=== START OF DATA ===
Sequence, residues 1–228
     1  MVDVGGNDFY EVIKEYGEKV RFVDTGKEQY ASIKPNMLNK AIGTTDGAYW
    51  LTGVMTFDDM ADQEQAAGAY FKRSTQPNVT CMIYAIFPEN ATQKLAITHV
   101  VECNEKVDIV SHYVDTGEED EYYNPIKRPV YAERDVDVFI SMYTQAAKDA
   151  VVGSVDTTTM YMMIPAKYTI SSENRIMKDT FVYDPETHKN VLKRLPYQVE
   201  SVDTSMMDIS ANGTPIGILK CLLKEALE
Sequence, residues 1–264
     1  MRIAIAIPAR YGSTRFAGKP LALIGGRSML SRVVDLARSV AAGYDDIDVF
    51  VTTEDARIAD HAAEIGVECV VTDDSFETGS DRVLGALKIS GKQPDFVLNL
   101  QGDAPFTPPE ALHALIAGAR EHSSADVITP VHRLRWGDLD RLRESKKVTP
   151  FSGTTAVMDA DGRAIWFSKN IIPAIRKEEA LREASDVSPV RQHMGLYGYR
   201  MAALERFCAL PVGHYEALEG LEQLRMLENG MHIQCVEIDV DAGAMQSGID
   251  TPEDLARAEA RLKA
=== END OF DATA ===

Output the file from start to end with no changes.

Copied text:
Sequence, residues 1–228
     1  MVDVGGNDFY EVIKEYGEKV RFVDTGKEQY ASIKPNMLNK AIGTTDGAYW
    51  LTGVMTFDDM ADQEQAAGAY FKRSTQPNVT CMIYAIFPEN ATQKLAITHV
   101  VECNEKVDIV SHYVDTGEED EYYNPIKRPV YAERDVDVFI SMYTQAAKDA
   151  VVGSVDTTTM YMMIPAKYTI SSENRIMKDT FVYDPETHKN VLKRLPYQVE
   201  SVDTSMMDIS ANGTPIGILK CLLKEALE
Sequence, residues 1–264
     1  MRIAIAIPAR YGSTRFAGKP LALIGGRSML SRVVDLARSV AAGYDDIDVF
    51  VTTEDARIAD HAAEIGVECV VTDDSFETGS DRVLGALKIS GKQPDFVLNL
   101  QGDAPFTPPE ALHALIAGAR EHSSADVITP VHRLRWGDLD RLRESKKVTP
   151  FSGTTAVMDA DGRAIWFSKN IIPAIRKEEA LREASDVSPV RQHMGLYGYR
   201  MAALERFCAL PVGHYEALEG LEQLRMLENG MHIQCVEIDV DAGAMQSGID
   251  TPEDLARAEA RLKA